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Remember that ‘right place right time’ discussion? I forgot the ‘right settings’ piece, as I was zoomed in too close when this Hawk took flight…

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…but I got this Red-Tailed Hawk just fine.

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This Blue Heron was focused on his next meal and didn’t worry about me as I got closer and closer…

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While he looks unconcerned, he never took his eyes off me.

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I don’t normally take pictures of geese, but I was inspired when their flight path brought them close to me.   Jake’s Wetlands, Minden NV.

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This is KC. His mares are known as the Sunshine Band.

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One of the Sunshine Band. I like this composition.

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Peeking through the trees…

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Next to an eagle shot, new foals are great inspiration. This little one is about a week old, but has not been named as the Pine Nut Wild Horse Advocates are waiting for confirmation of the sex. That’s Mom on the left.

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New foal staying close to Mom, Suzie Q!

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And Suzie Q making sure I wasn’t too close.

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This family portrait shows Shorty, the sire, keeping a close eye on me while the foal nuzzles Mom. This picture has gone viral on Facebook! Thanks everyone!

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It’s hard to top the ‘family portrait,’ but I wanted to share this panorama of Jobs Peak (second peak in from right). It’s a little different view of the Sierras.

Right Place! Right Time!! Right Settings!!!

I have long recognized that much of my success as a nature photographer is due to being ‘at the right place at the right time,’ better known as luck!  In a recent article in Outdoor Photographer magazine, Andy Long tells us that luck “… is when preparedness meets opportunity.”

I have tremendous opportunity, by virtue of where I live.  The Carson Valley is teeming with beautiful scenery, a wide variety and abundance of wildlife, and, most importantly, great friends who share their knowledge of photography and where the wildlife are hanging out at any given time.  In fact, one of my photo buddies, Jackie Gorton, recently added a third leg to my thoughts on luck – right settings! How wise she is, for one can be at the right place and time but if one misses the correct camera settings, one misses the shot!  Of course, this is where the preparedness piece comes into play.

I started this blog to share my photographic journey – learning photography and developing my skill set, experiments in photo processes, successes, failures, and as a showcase for my work.  Apparently I’m doing something right, because many of you have shared that my pictures are getting better (thank you for the feedback!).  Of course, the more I learn – the more I realize how little I know, so there is lots of room for improvement!

I’m closing out 2015 with a tribute to luck!  Please find below a series of pictures that are the result of ‘being in the right place at the right time with the right settings!’

I’m also expanding my outreach!  I share my blog on Facebook, and will try to include my friends on LinkedIn.  If this reaches you, then I was successful – and Welcome!  If you wish to get an email notice when I make a post, then consider following my blog.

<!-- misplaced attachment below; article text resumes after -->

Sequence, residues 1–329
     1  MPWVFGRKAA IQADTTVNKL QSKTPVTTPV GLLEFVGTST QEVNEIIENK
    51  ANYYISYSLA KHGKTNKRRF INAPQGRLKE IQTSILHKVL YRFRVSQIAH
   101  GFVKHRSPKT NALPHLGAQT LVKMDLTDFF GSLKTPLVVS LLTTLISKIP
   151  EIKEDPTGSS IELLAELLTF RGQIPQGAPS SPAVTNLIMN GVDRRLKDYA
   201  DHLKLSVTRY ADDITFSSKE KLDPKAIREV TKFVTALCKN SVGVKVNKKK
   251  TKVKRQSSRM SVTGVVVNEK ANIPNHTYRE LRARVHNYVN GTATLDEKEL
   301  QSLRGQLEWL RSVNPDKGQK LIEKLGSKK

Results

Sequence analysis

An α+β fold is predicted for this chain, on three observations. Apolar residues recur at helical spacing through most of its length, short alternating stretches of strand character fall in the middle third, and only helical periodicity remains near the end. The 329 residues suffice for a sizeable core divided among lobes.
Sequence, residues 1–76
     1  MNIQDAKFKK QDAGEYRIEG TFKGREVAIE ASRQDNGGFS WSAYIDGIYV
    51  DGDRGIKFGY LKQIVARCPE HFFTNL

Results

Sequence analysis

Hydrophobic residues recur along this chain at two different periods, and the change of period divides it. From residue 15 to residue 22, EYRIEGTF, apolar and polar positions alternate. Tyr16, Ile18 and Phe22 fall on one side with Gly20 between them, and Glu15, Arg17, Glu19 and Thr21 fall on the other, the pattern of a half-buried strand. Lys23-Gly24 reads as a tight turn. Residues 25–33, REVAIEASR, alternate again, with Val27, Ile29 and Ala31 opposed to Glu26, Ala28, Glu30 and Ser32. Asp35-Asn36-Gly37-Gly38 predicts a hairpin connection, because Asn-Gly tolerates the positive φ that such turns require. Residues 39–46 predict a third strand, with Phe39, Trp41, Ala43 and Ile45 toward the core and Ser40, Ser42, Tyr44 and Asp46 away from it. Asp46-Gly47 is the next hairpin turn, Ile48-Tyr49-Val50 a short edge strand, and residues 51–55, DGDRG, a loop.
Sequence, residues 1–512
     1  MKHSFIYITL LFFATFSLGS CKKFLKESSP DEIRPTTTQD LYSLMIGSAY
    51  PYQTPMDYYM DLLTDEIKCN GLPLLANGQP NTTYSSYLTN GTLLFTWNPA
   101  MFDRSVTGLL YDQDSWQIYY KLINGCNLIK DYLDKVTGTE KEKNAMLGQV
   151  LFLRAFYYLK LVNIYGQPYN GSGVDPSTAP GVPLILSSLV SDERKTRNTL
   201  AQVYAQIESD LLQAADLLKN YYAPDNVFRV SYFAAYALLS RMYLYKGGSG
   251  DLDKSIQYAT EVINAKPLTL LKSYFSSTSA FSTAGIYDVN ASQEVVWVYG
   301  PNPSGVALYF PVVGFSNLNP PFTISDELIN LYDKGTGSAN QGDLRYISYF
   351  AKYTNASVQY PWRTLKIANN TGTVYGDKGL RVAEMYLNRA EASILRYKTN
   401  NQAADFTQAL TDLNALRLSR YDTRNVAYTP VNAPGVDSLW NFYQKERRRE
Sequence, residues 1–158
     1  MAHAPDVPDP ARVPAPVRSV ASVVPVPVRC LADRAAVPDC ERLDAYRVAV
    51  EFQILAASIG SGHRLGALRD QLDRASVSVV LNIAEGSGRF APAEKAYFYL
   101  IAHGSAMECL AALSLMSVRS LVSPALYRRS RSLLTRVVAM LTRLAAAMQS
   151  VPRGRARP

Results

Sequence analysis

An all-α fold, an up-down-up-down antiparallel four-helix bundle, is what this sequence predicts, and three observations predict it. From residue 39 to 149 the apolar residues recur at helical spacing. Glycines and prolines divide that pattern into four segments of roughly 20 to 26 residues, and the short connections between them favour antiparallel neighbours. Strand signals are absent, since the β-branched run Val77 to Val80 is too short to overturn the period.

I’m not one for new year’s resolutions, so I won’t make one here.  I will continue this marvelous journey and share with you, hopefully making better images for your enjoyment.

Enjoy and Happy New Year!  PHOTOROGR

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Ultimate luck! My lovely bride and I were running errands and saw this Bald Eagle on a utility pole beside the road heading into town. He had just caught a rabbit and was enjoying his meal.  In some of my pictures, you can see fur in the air and meat in his mouth.

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A little less gruesome shot of our friend.

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I saw this Red-Tailed Hawk in a snowy field, but didn’t realize I had interrupted his meal until he took off.

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Sometimes I find one Great Horned Owl in this pole barn, but this day I got lucky and found two!

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I was at Jake’s Wetlands in Minden looking for the Wood Ducks that some of my very lucky friends had seen there. Of course, the Wood Ducks were hiding from me, but these Mallard Ducks put on a parade in the snow!

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Contrary to what you might think, this female Mallard Duck is not conducting an orchestra – she was preparing to dive. This image made a very nice note card!

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As stated, no Wood Ducks for me. This Bufflehead posed nicely for me, though.

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I was cruising Foothill Road just south of Genoa last week, and this Hawk tried to hide from me.

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Yes, it was as cold as he looks. He watched me, but didn’t move away.

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This Hawk was just stretching his wings.

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I don’t know why, but I really like the shots where the bird is looking straight at me.

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I have no idea what these two were up to, but they had a great time for several minutes while I clicked away, safe in my warm truck.

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Not a very timely update, but this is Mystery just before Christmas. He was closer to where the Pine Nut bands wander. I haven’t been out to check on him in a while.